Thursday 28 March 2013

Kimbab - 김밥

Kimbab or Gimbab? In Korean it is 김밥 (kim = seaweed, bab = rice) – written with consonnant “K” and pronounced as “G”. Confusing isn’t it? Many people mistook kimbab for maki at first sight. It is futile to argue the origin of this dish (Japanese or Korean?) so I shall not tread into this argument because some insisted it started in China via some Asian countries, too! As for me, I did not even know kimbab existed until my elder daughter introduced me to it. So you asked again, where does kimbab comes from? Koko Rooloo!  That’s the name of the Korean cafe I had my first taste of it. And if you’d asked Seong, he’d probably tell you it originated from his mom’s kitchen :)

Kimbab and Futomaki are seaweed wrapped rice with pickles and other fillings and the similarity stops here. I’m sure you can wiki more information on their differences so I’ll just dive into the making of my first kimbab with Valerie, as my Korean cuisine teacher.

Cook 3 cups of Korean short grain rice in a rice cooker with water level mark 3 (same way as you cook Jasmine rice). Once cooked and whilst hot, sprinkle a pinch of salt and ¼ teaspoon of sesame oil into the rice and fluff to mix well. Set aside.

While rice is steaming in the rice cooker…

Beat eggs and season with a little salt to make omelet. The thickness is up to you. We like our eggs fat and wide.

Saute the carrot julienne strips with a little sesame oil for 3 minutes.

Boil spinach till limp, drain, squeeze away excess water and season with a little salt and sesame oil (we did not get spinach today but they will certainly make the kimbab more colourful and appealing plus you can that extra mineral, iron, in your diet.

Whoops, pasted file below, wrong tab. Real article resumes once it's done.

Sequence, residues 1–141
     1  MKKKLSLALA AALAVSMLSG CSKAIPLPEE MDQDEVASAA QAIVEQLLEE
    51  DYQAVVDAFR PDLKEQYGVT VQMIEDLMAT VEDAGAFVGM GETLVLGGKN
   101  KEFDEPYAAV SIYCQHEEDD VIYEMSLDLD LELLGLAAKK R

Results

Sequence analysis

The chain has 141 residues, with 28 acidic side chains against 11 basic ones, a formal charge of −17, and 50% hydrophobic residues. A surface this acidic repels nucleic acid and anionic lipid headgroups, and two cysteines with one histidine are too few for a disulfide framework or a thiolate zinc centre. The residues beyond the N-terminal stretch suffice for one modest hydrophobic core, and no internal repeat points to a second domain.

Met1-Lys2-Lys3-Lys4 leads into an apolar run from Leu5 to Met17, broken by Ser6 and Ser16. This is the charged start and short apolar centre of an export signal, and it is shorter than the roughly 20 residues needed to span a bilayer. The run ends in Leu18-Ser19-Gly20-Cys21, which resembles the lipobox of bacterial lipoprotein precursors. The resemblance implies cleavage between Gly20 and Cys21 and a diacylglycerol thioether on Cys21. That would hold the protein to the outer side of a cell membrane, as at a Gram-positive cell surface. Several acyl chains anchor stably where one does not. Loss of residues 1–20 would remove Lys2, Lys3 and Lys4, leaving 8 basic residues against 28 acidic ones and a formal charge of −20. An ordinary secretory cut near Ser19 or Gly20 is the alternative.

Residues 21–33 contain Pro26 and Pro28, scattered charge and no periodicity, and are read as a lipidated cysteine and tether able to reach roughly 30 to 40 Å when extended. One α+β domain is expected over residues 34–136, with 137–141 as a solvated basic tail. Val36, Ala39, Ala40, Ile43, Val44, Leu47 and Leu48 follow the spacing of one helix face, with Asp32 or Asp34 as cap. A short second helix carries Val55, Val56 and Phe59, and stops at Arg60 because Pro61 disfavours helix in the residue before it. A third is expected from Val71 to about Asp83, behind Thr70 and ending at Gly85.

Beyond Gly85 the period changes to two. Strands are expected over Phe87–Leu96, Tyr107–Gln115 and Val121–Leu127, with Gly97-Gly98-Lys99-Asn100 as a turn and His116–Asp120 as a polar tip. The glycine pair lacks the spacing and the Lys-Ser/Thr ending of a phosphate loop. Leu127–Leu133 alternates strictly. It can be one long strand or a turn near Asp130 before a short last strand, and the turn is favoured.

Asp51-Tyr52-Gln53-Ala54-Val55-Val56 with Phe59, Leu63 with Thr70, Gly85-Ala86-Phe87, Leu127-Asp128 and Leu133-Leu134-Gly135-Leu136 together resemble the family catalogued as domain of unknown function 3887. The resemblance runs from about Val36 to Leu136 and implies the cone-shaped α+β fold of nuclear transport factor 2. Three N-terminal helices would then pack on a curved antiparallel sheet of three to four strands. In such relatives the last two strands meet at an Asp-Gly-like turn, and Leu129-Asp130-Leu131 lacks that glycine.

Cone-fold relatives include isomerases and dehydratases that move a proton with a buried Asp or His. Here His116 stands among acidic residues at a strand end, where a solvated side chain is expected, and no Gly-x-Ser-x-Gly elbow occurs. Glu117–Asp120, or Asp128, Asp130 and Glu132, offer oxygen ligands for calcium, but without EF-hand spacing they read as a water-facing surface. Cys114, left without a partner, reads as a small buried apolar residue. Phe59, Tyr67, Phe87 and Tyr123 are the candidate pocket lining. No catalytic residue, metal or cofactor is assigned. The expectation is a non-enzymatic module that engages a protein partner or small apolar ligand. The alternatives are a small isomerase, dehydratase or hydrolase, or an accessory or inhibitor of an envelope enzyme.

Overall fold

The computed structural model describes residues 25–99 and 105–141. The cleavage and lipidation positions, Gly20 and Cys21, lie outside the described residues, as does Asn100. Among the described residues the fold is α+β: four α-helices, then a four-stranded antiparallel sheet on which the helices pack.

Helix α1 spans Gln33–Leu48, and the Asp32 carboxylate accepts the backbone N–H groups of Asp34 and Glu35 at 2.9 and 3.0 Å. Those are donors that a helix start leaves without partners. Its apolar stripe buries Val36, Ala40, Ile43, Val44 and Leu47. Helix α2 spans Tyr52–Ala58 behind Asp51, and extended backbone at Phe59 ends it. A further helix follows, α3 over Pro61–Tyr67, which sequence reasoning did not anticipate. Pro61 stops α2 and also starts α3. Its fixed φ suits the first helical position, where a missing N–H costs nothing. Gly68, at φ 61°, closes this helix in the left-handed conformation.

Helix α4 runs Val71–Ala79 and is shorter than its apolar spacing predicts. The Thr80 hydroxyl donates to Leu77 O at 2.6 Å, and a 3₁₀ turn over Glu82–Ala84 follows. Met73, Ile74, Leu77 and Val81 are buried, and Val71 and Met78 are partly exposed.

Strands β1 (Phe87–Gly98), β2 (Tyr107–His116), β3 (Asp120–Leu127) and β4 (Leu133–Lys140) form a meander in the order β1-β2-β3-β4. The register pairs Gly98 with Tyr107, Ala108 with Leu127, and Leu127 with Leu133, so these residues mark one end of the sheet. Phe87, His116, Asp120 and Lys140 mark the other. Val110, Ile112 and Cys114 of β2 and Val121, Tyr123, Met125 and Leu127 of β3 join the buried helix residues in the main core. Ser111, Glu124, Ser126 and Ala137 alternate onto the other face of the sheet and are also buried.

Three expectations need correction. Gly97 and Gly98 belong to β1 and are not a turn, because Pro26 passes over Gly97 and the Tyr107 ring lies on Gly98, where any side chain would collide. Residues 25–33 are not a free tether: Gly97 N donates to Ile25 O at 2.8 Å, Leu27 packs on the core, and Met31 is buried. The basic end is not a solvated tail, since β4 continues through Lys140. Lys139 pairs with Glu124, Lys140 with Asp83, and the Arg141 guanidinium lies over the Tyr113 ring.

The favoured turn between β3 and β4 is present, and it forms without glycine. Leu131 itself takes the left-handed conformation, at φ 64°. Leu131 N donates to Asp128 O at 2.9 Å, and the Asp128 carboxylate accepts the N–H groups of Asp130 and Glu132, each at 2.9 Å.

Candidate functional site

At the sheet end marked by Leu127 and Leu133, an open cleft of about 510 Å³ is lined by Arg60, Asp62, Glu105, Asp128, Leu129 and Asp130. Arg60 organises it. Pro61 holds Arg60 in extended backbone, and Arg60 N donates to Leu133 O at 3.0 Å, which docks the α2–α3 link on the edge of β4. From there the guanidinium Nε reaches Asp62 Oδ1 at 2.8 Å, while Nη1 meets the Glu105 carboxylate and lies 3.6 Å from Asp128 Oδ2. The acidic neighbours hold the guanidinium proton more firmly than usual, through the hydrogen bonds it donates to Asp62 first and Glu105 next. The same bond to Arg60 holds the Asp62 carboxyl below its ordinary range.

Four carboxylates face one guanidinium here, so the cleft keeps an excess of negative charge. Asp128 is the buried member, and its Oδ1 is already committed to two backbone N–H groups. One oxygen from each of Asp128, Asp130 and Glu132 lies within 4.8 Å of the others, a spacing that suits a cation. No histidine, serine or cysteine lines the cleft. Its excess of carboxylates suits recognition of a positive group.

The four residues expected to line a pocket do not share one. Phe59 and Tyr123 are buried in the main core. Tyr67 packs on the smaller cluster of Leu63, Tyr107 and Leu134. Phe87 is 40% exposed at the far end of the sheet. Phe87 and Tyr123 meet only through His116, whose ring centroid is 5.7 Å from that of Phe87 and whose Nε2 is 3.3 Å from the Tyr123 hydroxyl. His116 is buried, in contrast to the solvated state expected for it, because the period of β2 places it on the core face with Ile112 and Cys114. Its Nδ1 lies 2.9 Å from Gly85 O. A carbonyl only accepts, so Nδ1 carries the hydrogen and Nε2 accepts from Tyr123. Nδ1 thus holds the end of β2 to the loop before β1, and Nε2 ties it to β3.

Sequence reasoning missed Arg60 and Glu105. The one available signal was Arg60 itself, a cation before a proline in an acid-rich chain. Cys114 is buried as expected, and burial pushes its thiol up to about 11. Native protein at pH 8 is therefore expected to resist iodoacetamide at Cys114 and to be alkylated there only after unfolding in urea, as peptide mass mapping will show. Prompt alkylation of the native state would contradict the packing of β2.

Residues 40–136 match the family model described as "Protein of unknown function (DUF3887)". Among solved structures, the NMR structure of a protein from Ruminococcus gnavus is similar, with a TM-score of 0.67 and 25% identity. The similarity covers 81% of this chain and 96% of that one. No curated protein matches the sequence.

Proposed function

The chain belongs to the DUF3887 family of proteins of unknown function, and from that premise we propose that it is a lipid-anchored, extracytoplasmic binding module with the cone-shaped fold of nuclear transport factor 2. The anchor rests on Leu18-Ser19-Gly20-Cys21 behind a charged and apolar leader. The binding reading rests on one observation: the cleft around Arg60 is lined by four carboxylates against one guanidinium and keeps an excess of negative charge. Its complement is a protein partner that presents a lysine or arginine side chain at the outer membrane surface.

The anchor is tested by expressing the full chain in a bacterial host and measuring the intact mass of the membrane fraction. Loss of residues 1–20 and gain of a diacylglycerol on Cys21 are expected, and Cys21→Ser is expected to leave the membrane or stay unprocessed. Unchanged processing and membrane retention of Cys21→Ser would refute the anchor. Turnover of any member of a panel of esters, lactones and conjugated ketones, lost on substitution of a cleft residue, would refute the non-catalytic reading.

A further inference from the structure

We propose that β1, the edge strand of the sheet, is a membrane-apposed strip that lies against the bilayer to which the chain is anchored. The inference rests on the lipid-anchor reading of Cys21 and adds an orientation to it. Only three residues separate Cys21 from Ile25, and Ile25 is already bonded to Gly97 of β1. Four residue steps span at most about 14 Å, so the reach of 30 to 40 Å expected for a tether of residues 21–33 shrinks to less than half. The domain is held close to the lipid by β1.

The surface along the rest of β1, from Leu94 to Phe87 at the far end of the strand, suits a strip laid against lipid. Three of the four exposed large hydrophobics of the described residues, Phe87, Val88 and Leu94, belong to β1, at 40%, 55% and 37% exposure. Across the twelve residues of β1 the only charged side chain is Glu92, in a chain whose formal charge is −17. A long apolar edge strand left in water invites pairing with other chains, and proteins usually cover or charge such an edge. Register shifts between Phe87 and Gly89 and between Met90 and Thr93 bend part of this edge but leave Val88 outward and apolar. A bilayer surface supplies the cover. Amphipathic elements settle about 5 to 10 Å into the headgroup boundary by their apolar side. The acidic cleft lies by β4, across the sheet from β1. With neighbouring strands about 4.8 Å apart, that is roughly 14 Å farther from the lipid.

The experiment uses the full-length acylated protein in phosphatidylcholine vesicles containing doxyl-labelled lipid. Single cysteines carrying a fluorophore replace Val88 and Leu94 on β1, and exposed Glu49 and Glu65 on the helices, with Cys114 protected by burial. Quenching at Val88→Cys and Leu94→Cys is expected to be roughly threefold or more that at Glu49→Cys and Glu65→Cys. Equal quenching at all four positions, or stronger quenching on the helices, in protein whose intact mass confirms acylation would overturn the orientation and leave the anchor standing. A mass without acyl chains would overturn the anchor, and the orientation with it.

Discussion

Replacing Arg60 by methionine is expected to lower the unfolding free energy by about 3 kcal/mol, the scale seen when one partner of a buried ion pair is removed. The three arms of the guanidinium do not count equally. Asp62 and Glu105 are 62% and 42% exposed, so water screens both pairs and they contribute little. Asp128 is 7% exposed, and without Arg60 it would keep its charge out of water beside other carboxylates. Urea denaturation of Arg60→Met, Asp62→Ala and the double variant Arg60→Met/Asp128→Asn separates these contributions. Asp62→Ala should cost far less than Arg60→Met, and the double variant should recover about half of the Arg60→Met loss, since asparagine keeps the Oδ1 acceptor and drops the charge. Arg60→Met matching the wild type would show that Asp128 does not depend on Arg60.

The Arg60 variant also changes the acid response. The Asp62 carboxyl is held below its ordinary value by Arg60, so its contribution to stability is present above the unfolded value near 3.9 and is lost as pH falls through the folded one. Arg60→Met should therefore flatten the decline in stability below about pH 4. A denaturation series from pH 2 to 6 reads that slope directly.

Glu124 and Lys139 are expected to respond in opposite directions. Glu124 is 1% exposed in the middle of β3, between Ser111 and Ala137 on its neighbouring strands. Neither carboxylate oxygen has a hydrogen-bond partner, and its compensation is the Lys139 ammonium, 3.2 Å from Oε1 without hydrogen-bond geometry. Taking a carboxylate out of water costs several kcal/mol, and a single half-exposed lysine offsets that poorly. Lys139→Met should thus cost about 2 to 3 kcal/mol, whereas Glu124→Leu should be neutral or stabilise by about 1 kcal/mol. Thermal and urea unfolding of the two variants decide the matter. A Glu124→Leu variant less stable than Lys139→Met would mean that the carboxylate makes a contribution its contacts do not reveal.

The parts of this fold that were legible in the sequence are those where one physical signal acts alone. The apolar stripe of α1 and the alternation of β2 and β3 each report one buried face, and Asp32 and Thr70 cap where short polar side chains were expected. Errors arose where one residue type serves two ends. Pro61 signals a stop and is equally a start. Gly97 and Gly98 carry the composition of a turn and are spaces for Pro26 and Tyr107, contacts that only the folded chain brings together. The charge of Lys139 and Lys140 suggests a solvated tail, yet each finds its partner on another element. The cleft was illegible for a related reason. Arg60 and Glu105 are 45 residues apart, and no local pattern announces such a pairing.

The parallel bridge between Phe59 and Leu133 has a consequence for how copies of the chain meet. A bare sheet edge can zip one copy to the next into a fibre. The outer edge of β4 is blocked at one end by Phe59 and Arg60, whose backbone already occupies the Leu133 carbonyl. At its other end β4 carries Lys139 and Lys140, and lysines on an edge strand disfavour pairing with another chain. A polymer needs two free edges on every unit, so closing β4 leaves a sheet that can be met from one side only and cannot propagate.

Boil canned or frozen sausages in water till cooked. Slice into half lengthwise.

Look at the pictorial steps above and start rolling and squeezing until you get a kimbab log.
Place a piece of kimbab seaweed on the bamboo mat. Put few tablespoons of rice on the seaweed and spread them into a thin layer leaving about an inch of margin for sealing later. Place one dan-mu-ji (Korean pickle), some carrots, one omelet strip (spinach, missing here) and sausage halves.
Roll, press tightly into log shape, release mat, and repeat until the kimbab is formed and sealed.
Once the kimbab is filled and rolled, brush very little sesame oil to moisturise the seaweed. This gives the kimbab extra flavour, shiny good look and also makes slicing easier.
Kimbabs are usually wider and thinner. Using your finger’s width as a guideline, slice the kimbab that thick.
Kimbabs are eaten without any dipping sauce, wasabi or sushi ginger so do season with salt and sesame oil according to your taste before assembling.
Above is the Beef Bulgogi Kimbab, Valerie, made when I was away weeks ago.

Valerie and Seong in traditional Korean costumes.

The recipe is have fun guesstimating the amount of seasoning in rice and vegetables, the number of eggs used in omelet and if you’ll have enough carrots and spinach :)

Kimbab Seaweed

Cook Korean Rice as per normal but with slightly more water, season with a hint salt and sesame oil. Let cool to body temperature.

Meanwhile prepare your “feelings”… What do you feel like having?

Traditional Fillings:
Spinach (pre-boiled and seasoned in sesame, salt and oil).
Carrot (pre-boiled in soy sauce).
Omelet (season with a little salt before frying).
Crab Sticks (surimi).
Dan-mu-ji (Korean Pickles).

Modern Fillings:
(whatever you’ve seen or eaten in a handroll but they have to be cooked not raw in order to qualify as Kimbab). Here are some ideas…
Spam, cut into thick match sticks.
Ham, thick julienne.
Sausages, cut lengthwise (not gourmet sausages).
Beef Bulgogi (chopped).
Cooked Octopus, diced (boil octopus in salted water till tender).
Cheddar Cheese.
Kimchi, press and drain away excess liquid, and chopped.
Smoked Salmon & Cream Cheese.
Tuna, press and drain away excess liquid (chamchi). Tuna and Mayonnaise or Spicy Tuna?
Kimbab Seaweed.
Korean Rice.

잘 막겼습니다 (I hope you’ll eat well).

Happy experimenting :)

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